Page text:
A homeowner in the Melbourne suburb of Canterbury has been ordered to remove his recently installed solar panels by his local council. That very council, the City of Boroondara, formally declared a climate emergency in 2021 and called for a tripling of rooftop solar in its catchment.
The reason? The home is within a heritage overlay, that zone long-dreaded by renovators and now also the frustration of people looking to reduce their emissions and excessive energy bills by installing rooftop solar.
According to The Age, Richard Barnes installed the panels last year and challenged the notice from the City of Boroondara in the Victorian Civil and Administrative Tribunal (VCAT). However, Barnes was ordered to remove the panels by June 26.
“We just think it’s crazy given the bigger picture,” Barnes said. “Somehow these anachronistic heritage guidelines defeated combating the climate crisis. I think it’s ridiculous.”
Barnes, who already has solar hot water panels on his home’s north-facing roof, said the removal of panels from his street-facing roofs directed eastward and westward would reduce his total electricity generation by 40%.
“It really brings it all to a head,” Barnes continued. “Are these things ugly? And do we still, in 2022, say ‘No, we don’t like them’? Or do we say ‘Well, actually there’s a climate crisis, and let’s forget all that stuff now’.”
One VCAT member, Jane Tate, said the sustainability concerns raised by Barnes “are not contained in the relevant decision guidelines of the applicable heritage policies”.
According to the ABC, the City of Boroondara says no request to install the panels was submitted, while Barnes himself says no permit would’ve been provided anyway. In light of the overarching climate crisis, it seems that Barnes assumed it would be easier to ask forgiveness rather than permission.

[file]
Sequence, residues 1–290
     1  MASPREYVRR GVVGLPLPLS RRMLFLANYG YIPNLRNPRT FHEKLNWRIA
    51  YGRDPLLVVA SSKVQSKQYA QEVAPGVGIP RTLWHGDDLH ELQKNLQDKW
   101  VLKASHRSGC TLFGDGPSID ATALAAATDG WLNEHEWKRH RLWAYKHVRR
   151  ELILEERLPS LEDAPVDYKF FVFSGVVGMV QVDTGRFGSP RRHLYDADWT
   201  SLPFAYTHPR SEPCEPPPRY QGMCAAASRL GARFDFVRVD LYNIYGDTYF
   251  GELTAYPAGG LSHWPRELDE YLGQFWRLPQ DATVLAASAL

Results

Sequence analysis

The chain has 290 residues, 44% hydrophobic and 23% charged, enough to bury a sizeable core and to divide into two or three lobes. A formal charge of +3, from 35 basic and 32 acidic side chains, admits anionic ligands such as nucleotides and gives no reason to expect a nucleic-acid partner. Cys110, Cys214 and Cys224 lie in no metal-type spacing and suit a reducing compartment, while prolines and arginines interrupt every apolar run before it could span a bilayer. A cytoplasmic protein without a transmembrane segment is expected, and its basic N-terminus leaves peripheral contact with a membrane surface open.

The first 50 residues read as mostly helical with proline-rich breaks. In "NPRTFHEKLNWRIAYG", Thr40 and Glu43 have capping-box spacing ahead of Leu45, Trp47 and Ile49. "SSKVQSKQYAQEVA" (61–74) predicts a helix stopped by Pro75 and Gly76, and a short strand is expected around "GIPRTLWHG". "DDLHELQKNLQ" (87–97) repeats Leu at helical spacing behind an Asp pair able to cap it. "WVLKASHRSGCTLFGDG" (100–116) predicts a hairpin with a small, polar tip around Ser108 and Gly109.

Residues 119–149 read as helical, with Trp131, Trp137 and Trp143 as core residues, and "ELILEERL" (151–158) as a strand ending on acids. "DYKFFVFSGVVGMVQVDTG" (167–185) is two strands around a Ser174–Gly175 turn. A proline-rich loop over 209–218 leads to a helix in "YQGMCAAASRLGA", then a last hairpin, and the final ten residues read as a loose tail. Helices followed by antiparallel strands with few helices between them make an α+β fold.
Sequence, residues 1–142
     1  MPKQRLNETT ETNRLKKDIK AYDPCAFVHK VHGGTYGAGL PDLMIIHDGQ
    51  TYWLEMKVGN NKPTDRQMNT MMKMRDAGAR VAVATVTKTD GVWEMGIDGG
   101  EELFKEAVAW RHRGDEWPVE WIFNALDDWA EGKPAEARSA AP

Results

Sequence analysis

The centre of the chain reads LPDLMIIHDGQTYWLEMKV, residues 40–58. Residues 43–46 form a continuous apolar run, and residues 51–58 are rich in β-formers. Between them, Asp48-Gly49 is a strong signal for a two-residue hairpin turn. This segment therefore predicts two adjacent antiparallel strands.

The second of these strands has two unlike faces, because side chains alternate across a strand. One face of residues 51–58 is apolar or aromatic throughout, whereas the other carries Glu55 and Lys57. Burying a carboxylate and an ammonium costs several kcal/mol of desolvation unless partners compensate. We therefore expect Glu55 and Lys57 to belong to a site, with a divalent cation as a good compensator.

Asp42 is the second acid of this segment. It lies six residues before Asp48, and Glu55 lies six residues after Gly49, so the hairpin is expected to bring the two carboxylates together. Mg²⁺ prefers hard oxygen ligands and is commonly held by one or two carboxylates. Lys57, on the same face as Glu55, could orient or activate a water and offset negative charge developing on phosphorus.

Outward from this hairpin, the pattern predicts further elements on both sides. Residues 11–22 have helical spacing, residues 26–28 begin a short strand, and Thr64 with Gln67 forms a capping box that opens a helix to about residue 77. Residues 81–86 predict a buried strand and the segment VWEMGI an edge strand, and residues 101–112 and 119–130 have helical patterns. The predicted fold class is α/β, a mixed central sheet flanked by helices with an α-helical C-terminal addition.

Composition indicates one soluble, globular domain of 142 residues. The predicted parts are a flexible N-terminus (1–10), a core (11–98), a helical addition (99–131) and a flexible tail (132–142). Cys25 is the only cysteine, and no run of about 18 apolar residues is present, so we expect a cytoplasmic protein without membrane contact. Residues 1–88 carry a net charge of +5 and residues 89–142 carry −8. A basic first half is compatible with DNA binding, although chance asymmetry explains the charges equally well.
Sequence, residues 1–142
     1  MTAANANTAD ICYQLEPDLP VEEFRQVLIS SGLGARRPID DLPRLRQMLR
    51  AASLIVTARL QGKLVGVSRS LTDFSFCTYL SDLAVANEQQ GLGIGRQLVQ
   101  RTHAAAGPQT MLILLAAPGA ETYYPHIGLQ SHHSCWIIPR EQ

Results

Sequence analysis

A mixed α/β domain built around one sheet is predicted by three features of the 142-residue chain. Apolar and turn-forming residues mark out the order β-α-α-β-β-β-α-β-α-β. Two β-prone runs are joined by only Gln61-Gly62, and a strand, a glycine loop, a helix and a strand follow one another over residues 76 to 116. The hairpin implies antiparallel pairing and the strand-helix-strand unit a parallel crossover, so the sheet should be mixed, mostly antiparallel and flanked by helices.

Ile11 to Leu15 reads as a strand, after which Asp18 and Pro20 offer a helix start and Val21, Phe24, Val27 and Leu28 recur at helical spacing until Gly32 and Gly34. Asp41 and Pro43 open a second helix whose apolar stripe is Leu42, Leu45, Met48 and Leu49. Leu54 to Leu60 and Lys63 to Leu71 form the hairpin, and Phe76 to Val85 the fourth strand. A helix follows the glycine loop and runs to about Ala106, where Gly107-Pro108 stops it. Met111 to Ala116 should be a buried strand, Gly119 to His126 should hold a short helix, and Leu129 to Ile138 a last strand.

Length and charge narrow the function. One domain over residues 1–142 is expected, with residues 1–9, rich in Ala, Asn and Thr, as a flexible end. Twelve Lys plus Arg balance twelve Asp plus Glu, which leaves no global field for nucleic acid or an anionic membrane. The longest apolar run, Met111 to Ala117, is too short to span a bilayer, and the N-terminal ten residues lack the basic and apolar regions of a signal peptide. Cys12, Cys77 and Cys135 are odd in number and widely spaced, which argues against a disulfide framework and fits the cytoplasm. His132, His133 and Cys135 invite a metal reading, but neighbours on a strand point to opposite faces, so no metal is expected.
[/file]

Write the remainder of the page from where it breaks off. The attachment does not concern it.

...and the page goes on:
However, the issue seems to be one of aesthetic heritage. Strange considering the solar panels were installed on a suburban rooftop and not on Uluru or the Opera House.
Tate said that while the panels do not damage or alter the roof in any way, they do obscure a “sizeable proportion” of the western roof panel on the principal facade. “I consider this will detract from the heritage significance of the dwelling as it presents to the street,” she said.
“Whilst the panels are obviously a modern feature that could be removed later, I consider this is unlikely given the shift towards use of renewable energy.”
Interestingly, the chief executive of the Victorian branch of heritage group the National Trust of Australia, Simon Ambrose, came out in support of Barnes and the installation of solar panels on heritage buildings.
“The transition to solar energy needs to be balanced with the heritage values of individual places on a case-by-case basis, and in most places, it’s possible to integrate solar technology without compromising heritage significance,” Ambrose said.
However, Ambrose, like VCAT, suggested a compromise between solar installation and heritage properties is to install said panels on rear-sided roofs, which therefore won’t affect the streetscape aesthetic.